This is dehumanizing because it shames a woman for experiencing normal, human feelings during normal, human development.So, how do girls in strict, courtship environments cope? We shut down our emotions.The bad news is that you can’t shut down one feeling without shutting down them all. I thought that by ignoring, denying, shaming and shunning my romantic feelings for Matt I was preserving my “emotional purity” and “guarding my heart.” Instead, I ended up completely numb.
Yep. I had no idea that was what was happening to me, but it was. I couldn't really feel or experience anything. Years later, after we'd been married for a while, I started to come alive and started feeling all those feelings I never had before. I became a completely new person. And then I realized I'd been really ripped off. I was married to a wonderful person, and we'd built a wonderful life together, but all those wonderful, lovey-dovey new love feelings and experiences? I'd missed those. I didn't get to choose those- they were hand picked and approved for me. That spontaneity of finding out that the person you liked has feelings for you too- never had that. The wonderful feeling of being told "I love you" for the first time, and being able to fully, completely, wholeheartedly respond, "I love you too" was stolen from me. Even the genuine moments that we did have, and there were some of those too, were clouded by that ever present feeling that I wasn't really there, that I wasn't really living my own life. I'll never be able to get those moments back. I feel like I missed all the really fun parts getting to know my husband for the first time, and I'll never be able to experience those again.
Sarah Bessey wrote a post recently in which she quotes Brené Brown’s book, The Gifts of Imperfection:
“In another very unexpected discovery, my research also taught me that there’s no such thing as selective emotional numbing. There is a full spectrum of human emotions and when we numb the dark, we numb the light. While I was “taking the edge off” of the pain and vulnerability, I was also unintentionally dulling my experiences of good feelings, like joy. … Joy is as thorny and sharp as any of the dark emotions. To love someone fiercely, to believe in something with your whole heart, to celebrate a fleeting moment in time, to fully engage in a life that doesn’t come with guarantees – these are risks that involve vulnerability and often pain…. We can’t make a list of the “bad” emotions and say, “I’m going to numb these” and then make a list of the positive emotions and say, “I’m going to fully engage in these!”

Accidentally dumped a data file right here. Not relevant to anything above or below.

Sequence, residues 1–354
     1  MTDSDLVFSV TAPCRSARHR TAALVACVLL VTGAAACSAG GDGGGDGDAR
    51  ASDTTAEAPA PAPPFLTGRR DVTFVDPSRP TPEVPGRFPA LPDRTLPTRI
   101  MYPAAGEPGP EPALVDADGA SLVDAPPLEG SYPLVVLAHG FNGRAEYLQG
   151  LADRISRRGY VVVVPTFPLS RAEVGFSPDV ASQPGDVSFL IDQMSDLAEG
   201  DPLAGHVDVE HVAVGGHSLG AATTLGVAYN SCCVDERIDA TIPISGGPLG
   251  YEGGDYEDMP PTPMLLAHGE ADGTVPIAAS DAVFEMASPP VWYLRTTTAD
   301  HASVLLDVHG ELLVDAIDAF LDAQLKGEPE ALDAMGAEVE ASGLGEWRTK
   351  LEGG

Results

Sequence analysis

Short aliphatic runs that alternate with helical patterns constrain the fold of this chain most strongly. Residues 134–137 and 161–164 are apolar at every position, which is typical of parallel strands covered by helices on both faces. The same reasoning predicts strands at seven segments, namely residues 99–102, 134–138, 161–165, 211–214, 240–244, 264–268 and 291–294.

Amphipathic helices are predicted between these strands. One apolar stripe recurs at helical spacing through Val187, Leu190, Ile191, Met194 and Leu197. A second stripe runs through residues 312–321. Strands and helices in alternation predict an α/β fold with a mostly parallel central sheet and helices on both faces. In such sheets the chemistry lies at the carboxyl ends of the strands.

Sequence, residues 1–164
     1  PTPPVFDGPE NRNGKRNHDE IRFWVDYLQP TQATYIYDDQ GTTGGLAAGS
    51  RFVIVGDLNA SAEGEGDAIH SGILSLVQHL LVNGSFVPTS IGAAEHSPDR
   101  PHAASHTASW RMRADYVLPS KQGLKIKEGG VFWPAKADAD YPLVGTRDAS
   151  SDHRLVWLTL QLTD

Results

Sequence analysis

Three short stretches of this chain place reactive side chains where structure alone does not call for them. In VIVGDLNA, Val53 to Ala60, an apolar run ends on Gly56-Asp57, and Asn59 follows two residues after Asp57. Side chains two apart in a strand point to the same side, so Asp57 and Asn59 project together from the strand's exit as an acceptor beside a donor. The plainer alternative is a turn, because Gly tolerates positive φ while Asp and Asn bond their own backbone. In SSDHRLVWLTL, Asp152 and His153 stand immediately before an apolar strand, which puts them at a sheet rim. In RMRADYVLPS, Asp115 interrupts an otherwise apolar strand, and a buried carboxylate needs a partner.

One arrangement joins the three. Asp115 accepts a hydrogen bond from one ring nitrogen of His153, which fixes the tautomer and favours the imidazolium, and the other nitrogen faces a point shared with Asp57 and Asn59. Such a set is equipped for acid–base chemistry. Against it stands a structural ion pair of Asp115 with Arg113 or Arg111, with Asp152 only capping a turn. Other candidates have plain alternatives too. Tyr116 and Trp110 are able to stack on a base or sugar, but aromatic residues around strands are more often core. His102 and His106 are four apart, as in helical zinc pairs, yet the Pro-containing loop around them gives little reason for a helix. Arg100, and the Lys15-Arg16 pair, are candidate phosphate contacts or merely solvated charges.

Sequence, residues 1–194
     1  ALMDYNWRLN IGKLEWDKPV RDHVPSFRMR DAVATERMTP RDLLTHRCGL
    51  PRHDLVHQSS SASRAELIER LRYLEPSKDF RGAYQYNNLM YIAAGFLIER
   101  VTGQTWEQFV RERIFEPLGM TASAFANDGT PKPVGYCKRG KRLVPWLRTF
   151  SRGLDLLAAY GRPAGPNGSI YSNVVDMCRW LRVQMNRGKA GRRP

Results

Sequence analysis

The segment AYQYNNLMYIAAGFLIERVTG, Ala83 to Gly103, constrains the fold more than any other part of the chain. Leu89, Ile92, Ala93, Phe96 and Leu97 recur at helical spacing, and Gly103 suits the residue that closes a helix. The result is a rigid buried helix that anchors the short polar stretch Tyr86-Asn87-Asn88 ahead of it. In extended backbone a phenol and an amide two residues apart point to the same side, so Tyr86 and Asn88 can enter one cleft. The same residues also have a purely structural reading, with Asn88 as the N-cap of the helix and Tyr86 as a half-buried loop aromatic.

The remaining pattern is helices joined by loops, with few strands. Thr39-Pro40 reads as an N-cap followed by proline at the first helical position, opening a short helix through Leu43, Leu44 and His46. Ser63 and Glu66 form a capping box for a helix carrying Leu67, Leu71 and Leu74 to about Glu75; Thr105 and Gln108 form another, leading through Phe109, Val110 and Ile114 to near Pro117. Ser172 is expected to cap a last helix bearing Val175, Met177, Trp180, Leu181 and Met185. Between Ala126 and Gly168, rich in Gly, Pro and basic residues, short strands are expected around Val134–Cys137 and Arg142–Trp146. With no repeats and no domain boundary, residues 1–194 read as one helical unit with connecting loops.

This is why I felt like I wasn't really present in my life. I felt that way until right before Tristan was born- that's one of the reasons his birth was so transformative for me- it was one of the first big moments in my life that I was actually fully there to FEEL and experience.
I've grown, I've grieved, and I've processed, but I'm realizing that I'm not done yet.
Near the end of her post, Elizabeth writes:
It is nothing short of a miracle that my husband and I are still together. What saved us? Getting OUT of that environment, leaving intense holiness behind, feeling our feelings.
Us too, Elizabeth. Us too.